The New York Times has an article on blogging as a relevant source of jobs, with a special mention of b5media Inc and CEO jeremy Wright. But beyond the job opportunities, there is something more important brewing – ‘Institutionalized Journalism 2.0.’
In his recent article on Mobile Philippines, EIC Adel Gabot points out key differences between bloggers and journalists. He says that bloggers, unlike journalists are not bound by an “institutional check” which could be dangerous in the long run. I fully agree with this statement as I have mentioned that bloggers are … bloggers because they enjoy that certain “freedom” and spontaneity, unlike journalists who are subjected to layers of editors and time before an article sees the light of publishing. It is a function of prudence and what you get when you have a working institution.
However, this is subject to change.
With offshore blogging becoming a potentially huge source of income, the boom will create business opportunities in the mainstream. In the same way that the call center industry in the PH and in India were “emerging industries” back in the early 2000’s, “emerging” media such as blogs, podcasts and online video can become institutionalized not just by traditional media-turning-new media networks but by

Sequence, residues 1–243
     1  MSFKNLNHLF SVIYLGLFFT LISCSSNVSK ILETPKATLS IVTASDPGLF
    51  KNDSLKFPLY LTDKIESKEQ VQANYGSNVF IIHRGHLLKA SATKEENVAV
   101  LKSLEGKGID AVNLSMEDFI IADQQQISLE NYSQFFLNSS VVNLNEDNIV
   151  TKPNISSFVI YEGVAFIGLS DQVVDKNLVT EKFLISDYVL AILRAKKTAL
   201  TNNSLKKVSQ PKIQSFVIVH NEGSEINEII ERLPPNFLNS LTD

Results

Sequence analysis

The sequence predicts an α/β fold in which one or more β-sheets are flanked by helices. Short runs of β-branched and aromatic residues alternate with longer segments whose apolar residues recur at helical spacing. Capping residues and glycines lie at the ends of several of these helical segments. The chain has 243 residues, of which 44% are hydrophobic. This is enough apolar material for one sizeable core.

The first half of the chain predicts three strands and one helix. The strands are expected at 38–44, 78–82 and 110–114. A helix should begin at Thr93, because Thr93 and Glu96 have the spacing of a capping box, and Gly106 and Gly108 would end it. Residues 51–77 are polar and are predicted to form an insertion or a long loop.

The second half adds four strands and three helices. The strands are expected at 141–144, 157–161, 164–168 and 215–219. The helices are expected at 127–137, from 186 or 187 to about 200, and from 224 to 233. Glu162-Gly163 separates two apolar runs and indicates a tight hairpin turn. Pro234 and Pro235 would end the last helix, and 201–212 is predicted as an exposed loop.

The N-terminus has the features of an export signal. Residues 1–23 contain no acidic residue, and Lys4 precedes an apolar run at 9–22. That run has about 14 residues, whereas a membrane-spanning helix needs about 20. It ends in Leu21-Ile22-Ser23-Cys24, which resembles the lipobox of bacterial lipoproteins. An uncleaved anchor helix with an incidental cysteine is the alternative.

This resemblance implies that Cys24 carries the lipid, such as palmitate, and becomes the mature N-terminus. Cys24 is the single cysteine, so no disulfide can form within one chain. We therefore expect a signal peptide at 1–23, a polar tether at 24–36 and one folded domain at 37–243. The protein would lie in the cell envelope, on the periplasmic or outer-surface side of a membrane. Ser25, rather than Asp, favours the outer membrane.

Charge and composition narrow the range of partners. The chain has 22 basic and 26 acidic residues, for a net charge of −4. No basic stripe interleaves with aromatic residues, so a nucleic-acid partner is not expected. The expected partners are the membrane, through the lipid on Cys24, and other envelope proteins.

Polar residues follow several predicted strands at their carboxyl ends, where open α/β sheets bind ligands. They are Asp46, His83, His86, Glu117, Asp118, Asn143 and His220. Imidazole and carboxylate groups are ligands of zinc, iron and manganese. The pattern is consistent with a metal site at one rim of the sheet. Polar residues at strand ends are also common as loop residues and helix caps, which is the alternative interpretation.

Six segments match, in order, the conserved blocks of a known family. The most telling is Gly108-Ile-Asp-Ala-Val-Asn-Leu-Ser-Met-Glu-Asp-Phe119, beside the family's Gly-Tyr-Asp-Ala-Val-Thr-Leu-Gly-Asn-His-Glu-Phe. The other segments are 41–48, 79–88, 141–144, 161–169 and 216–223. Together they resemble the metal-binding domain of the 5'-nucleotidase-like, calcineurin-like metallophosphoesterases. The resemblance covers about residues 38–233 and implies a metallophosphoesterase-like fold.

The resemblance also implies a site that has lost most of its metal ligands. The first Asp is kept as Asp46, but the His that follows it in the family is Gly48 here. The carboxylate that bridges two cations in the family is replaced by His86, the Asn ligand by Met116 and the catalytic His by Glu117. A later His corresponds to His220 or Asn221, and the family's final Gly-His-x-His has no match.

startup companies (such as b5media, the new media network I work for) that can take media to the next level. The formula is simple. You only need to pirate a few good editors and journalists, ask them to work from home and train people via VoIP and email, and potentially, $12,000 USD:
Guy Kawasaki illustrates this as how he has started a project for a fraction of the cost of what it would traditionally take to build a company back in the days:
$12,107.09. In total, I spent $12,107.09 to launch Truemors. During the dotcom days, entrepreneurs had to raise $5 million to try stupid ideas. Now I’ve proven that you can do it for $12,107.09
This isn’t a race to the moon. I feel that the “battle” of traditional media and new media shouldn’t even be considered because clearly, there are just so many advantages on both sides. It won’t be long when online journalism and blogging will take a more institutionalized stance because this is the inevitable end of making money. There has to be some form of checks and balances. Traditional media will always have its market (and as they jokingly say, as long as you have pets, there will always be the need for newspapers) but its also the realization of wanting to have all your bases covered – in cyberspace and in the real world.